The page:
HOW TO REPLACE SHOCK ABSORBER

What to know about the Shock Absorber:

Shock absorbers are attached to the vehicle body and suspension mechanisms. They are used to absorb road shock, providing a smooth ride. Most cars made after 1995 have shock absorbers in the back wheels and strut assembly in the front. Older cars and trucks may have shock absorbers at all four wheels.

 

Shock absorbers are basically cylindrical containers filled with gas or liquid. They are mounted from the suspension to the frame of the car. When you pilot over a bump, the pistons inside the shocks move up and down against the liquid or gas.

 

Shock absorbers take a beating day after day, especially on bumpy roads. The gas or liquid will eventually leak, resulting in an unbalanced or rugged ride. With worn shock absorbers, it is likely that the tires could lose contact with the road and/or wear out prematurely.

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Facts to Note:

Shock absorbers are always changed in pairs (either both front and both rear).

 

How to Fix:

Confirm that the shock absorbers are bad.

Take out and change the damaged shock absorbers.

Examine the suspension system for any other worn or damaged parts.

Test drive vehicle.

Our Proposal:

It is a good practice to change the shock absorbers every 35,000 miles. You can easily find out if you need new shocks by doing a bounce test. Go to the rear corner of your car and push down on the rear of the car. If your car bounces up and down a few times, it is time to change the shock absorbers.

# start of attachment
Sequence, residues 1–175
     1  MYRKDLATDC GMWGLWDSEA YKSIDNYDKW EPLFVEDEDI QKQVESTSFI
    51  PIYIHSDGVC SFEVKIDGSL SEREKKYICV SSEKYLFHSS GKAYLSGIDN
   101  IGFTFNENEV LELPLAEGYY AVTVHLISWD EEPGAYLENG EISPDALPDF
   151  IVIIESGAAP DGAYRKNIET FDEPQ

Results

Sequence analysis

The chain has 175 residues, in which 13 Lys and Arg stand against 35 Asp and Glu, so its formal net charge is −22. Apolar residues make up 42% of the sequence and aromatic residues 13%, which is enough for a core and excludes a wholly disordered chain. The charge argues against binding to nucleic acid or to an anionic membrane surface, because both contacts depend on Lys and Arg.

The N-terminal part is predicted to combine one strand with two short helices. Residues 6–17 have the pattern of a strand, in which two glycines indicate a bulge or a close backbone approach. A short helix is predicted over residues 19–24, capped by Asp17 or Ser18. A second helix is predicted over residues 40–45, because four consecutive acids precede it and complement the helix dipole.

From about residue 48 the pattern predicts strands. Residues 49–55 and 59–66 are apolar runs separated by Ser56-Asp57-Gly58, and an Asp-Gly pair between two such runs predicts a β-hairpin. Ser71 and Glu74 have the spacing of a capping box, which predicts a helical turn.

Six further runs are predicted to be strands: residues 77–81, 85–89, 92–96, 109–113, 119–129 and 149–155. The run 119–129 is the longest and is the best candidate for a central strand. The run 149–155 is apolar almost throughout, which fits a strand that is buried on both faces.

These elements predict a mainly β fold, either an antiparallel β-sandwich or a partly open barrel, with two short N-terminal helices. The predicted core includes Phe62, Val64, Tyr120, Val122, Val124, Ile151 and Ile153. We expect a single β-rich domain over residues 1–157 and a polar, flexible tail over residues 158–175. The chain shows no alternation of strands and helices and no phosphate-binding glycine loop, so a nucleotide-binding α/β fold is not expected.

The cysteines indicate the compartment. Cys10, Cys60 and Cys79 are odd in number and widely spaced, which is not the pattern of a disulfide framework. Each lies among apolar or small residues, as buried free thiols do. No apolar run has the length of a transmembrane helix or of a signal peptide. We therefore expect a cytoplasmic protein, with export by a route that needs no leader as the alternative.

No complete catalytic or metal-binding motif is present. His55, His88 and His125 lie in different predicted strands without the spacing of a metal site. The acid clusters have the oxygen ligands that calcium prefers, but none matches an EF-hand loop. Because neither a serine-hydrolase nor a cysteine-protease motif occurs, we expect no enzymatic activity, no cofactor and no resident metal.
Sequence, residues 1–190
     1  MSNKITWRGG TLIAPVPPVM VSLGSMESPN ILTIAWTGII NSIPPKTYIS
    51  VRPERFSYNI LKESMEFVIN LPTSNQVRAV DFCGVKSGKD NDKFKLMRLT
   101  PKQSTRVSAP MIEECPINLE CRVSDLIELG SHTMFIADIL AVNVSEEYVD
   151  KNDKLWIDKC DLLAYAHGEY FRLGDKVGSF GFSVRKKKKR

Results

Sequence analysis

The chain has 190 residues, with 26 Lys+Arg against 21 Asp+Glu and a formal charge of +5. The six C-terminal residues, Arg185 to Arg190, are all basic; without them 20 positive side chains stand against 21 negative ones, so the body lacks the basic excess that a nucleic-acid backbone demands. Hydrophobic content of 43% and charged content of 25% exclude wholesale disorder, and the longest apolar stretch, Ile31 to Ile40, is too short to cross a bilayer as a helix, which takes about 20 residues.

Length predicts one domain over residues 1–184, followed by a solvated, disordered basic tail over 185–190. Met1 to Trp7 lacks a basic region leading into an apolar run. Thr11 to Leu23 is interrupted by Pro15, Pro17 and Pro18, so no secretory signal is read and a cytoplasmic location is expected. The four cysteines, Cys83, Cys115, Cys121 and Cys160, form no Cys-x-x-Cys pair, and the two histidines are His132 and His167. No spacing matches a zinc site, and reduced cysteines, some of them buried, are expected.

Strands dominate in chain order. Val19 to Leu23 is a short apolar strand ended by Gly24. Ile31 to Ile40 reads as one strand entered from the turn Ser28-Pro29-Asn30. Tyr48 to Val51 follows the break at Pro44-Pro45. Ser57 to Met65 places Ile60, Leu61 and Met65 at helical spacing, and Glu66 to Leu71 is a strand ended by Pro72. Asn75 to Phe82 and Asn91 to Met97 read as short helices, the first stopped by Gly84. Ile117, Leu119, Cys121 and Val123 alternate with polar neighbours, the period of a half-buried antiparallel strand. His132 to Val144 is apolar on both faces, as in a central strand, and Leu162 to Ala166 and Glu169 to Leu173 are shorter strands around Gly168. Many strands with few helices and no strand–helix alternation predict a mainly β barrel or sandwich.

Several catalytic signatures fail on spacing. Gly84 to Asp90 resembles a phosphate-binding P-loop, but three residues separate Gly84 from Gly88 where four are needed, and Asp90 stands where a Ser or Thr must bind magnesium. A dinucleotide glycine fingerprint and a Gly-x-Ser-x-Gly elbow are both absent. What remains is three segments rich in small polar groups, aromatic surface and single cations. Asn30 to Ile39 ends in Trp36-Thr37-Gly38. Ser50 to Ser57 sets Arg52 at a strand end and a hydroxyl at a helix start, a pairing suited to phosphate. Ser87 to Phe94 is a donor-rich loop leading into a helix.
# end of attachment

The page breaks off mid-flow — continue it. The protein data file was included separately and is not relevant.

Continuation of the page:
Common symptoms indicating you may need to change the Shock Absorber:

Unstable, bouncy ride.

Tires losing contact with the road.

Hard impact when you drive over a bump.

Leaking fluid.

Importance of this service:

Shock absorbers exist at both rear wheels, and sometimes the front wheels as well. The shock absorbers attach the suspension to the body of your car, and feature pistons that are filled with gas or liquid. As your vehicle drives over the bumps and rough states of the road, the suspension is subject to a lot of shock. This shock moves the pistons, but the gas or liquid in the pistons helps absorb the impact, and lessen the shockwave that is then transferred to the body of the vehicle. As a result, the shock absorbers keep your ride relatively smooth and comfortable.

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When the shock absorbers breakdown or leak, they will be unable to absorb any of the shock from the road, and all of the impact on the suspension will be transferred to the body of the car. This not only makes for an uncomfortable ride, but can also cause damage to numerous different mechanisms in your vehicle.